Slow openings – Largo, Adagio, Grave – typically allow their performer to feel double stops creating both bass line and melody, and to balance the two anew each time, his ear just above the sounds’ source.
Swift sections – Allegro, Presto, Vivace – follow in startling contrast of mood and texture. Exhilaration results, bravura bowing bringing closely-written notes to vigorous life.
Fugal sections fascinate via their use of a strongly cast motive designed to accompany itself and contrived to play simultaneous roles as upper, middle, and lower voices within the time of a few bars. Telemann delights himself with six fugues in these twelve Fantasies.
Lilting dance rhythms characterize the two sections marked Siciliano. Sections indicated Andante, Dolce, Moderato, Soave, and Piacevolumente (Pleasantly) are informed by near-verbal lyricism – with poetically beguiling effect.
Predictably satisfying for performer and hearer is that each Fantasy – after its intervening shifts of light and shadow mentioned above – will end in spirit-lifting virtuosic display.
Virtuosity in such music means more than apparent effortlessness in performing its notes. It implies interpretation at the highest levels of artistry, the performer’s apt choice from an infinitude of factors implied by what is known of the music’s context – in its day, within Telemann’s world and his personal vocabulary for communication.
Baroque Era composers expected their published works to be treated to individual interpretation. They left unspecified countless details of performance, unlike the late-period Beethoven who crammed forty instructions onto a single page of one of his piano sonatas. Open, too, was the element of embellishment – whether and how to ornament what was notated, common practice from the Era’s beginnings ca. 1600. The governing factor always was knowledge tempered by taste.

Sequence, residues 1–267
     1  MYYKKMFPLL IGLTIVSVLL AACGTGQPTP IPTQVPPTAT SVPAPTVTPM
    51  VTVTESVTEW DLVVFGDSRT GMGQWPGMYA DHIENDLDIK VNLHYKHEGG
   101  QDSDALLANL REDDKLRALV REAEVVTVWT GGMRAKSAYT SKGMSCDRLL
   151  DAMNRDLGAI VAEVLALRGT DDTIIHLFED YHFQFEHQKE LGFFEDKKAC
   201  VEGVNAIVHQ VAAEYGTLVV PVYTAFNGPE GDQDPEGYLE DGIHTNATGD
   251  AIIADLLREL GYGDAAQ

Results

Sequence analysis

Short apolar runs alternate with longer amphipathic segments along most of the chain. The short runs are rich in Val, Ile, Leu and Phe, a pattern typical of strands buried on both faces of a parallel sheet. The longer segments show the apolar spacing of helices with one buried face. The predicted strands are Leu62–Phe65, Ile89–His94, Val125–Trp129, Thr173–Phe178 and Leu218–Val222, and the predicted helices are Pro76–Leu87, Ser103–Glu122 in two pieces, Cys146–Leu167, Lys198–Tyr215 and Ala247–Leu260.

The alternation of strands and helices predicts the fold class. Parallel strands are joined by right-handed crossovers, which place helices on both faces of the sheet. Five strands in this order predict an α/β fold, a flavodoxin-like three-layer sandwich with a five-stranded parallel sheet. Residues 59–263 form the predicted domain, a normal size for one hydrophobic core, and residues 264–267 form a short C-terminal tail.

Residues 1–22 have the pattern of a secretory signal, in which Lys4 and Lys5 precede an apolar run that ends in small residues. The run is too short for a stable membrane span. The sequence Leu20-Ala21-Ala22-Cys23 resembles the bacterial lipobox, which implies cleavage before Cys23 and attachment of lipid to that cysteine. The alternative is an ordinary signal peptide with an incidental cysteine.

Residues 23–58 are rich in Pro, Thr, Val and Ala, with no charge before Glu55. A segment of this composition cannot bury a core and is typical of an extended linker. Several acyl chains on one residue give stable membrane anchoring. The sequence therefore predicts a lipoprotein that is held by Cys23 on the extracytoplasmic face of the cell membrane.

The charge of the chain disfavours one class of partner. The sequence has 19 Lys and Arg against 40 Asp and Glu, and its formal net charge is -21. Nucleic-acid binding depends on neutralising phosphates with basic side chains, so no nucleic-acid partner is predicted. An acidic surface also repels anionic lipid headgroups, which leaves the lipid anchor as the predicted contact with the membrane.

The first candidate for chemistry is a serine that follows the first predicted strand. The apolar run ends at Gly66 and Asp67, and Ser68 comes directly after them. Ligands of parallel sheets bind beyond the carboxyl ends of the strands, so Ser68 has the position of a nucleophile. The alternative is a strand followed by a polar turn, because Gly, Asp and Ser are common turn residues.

Using only a single instrument, the violin, Telemann challenged himself and future performers to deal with all the implications of his score’s self-sufficient few symbols, to bring them to simulated life as coherent patterns of sound, meaningful to the ears of lovers, novices, intellects, even critics. Was this idea original?
Two composers in the German lands had established the genre publicly by publishing now-forgotten works for solo violin (with bass), Johann Walther (Scherzi, 1687) and (without bass) Johann von Westhoff (Partitas, 1696). Unpublished were Heinrich Biber’s Passacaglia (1696) and Bach’s now-called Sonatas and Partitas (1720) – both ironically better known today than the solo works of Walther, Westhoff, and Telemann.
Thus, the remedy of this recording. Telemann’s forgotten works, now-remembered and documented sympathetically, can be assessed by thoughtful hearers, considered by teachers as possible steps for young virtuosi toward the Parnassus of Bach’s unaccompanied paragons, and simply enjoyed as aural amenities to 21st Century listeners’ rich resources of recorded repertoire.